SAN JUAN, PUERTO RICO - JUNE 29: (L-R) Luis Santini Rivera, Guillermo Corporal and Jose Acevedo watch as Puerto Rican Governor Alejandro Garcia Padilla addresses the island's residents in a televised broadcast regarding the governments $73 billion debt on June 29, 2015 in San Juan, Puerto Rico. The governor said that the people on the island will have to sacrifice and share in the responsibilities for pulling the island out of debt. (Photo by Joe Raedle/Getty Images)
SAN JUAN, PUERTO RICO - JUNE 30: People use a Banco Popular ATM machine a day after Puerto Rican Governor Alejandro Garcia Padilla gave a televised speech regarding the governments $72 billion debt on June 30, 2015 in San Juan, Puerto Rico. The Governor said in his speech that the people will have to sacrifice and share in the responsibilities for pulling the island out of debt. (Photo by Joe Raedle/Getty Images)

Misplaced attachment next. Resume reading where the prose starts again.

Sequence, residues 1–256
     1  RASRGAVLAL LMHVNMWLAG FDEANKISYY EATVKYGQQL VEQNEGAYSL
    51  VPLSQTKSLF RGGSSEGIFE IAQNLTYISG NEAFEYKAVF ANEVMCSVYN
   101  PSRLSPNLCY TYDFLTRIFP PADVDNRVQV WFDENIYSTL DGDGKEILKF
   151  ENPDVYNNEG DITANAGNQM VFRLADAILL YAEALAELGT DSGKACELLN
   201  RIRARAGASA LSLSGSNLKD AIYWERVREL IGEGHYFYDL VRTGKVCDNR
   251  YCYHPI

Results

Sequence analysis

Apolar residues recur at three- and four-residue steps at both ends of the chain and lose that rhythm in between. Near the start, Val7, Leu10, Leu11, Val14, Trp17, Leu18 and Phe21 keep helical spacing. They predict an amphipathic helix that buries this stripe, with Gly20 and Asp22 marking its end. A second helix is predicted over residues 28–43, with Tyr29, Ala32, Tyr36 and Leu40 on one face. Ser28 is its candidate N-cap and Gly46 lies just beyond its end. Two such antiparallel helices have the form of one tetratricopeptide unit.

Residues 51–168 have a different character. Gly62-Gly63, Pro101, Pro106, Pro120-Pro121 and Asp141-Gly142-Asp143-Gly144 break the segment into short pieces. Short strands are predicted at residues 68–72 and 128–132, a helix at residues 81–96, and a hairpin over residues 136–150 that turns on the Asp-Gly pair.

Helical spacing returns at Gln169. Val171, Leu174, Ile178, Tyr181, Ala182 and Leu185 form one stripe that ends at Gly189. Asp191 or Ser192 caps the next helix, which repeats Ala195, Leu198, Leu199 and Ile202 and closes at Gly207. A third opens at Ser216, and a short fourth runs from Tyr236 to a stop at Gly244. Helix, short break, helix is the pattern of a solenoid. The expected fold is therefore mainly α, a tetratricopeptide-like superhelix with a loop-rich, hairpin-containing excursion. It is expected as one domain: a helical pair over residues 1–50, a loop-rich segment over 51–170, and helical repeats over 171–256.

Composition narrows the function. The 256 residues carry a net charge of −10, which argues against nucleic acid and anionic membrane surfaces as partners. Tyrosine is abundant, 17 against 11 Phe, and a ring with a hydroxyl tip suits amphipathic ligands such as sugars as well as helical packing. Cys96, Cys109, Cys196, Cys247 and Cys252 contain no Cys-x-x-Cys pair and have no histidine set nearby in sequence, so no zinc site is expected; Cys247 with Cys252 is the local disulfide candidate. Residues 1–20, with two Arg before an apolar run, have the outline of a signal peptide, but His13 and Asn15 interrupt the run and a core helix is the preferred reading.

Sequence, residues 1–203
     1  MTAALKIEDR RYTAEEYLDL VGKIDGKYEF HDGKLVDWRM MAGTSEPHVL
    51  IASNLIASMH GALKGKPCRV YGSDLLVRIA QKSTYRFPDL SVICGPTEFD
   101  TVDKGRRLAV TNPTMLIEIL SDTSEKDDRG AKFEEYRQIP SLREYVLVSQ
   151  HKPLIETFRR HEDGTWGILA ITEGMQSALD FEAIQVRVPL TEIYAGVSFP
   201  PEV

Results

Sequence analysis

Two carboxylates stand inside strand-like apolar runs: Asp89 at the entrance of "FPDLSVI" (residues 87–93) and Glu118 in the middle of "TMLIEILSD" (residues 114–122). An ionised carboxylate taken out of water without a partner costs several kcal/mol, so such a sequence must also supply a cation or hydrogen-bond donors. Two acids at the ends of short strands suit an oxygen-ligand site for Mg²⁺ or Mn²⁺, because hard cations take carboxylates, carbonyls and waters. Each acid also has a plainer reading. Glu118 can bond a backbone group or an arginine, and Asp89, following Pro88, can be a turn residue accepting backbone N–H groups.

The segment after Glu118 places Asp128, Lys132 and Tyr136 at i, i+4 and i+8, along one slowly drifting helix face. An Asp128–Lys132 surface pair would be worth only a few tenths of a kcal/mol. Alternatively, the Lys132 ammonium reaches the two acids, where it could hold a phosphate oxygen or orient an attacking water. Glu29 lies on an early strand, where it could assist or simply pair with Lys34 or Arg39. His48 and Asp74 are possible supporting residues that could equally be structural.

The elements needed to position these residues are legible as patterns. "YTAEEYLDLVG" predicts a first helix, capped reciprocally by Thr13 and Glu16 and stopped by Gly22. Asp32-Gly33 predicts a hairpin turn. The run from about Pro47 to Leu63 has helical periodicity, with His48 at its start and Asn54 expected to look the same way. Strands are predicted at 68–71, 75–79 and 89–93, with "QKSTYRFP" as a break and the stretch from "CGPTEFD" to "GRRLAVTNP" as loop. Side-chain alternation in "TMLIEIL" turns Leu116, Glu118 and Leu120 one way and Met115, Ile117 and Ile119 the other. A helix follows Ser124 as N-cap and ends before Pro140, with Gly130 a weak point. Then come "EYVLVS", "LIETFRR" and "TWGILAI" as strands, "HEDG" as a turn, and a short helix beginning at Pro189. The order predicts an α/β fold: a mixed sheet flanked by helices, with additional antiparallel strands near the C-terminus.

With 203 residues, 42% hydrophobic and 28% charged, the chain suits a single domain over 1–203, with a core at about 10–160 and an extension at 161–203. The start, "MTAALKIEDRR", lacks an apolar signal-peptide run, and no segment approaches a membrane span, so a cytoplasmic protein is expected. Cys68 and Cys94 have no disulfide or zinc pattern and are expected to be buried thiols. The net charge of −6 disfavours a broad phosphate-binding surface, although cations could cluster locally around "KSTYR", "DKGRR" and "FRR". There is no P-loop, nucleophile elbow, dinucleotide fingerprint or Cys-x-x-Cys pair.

SAN JUAN, PUERTO RICO - JUNE 30: Police officers close off a street near the Governors Mansion as taxi drivers protest the Uber service in Old San Juan a day after the Puerto Rican Governor Alejandro Garcia Padilla gave a televised speech regarding the governments $72 billion debt on June 30, 2015 in San Juan, Puerto Rico. The governor said in his speech that the people will have to sacrifice and share in the responsibilities for pulling the island out of debt. (Photo by Joe Raedle/Getty Images)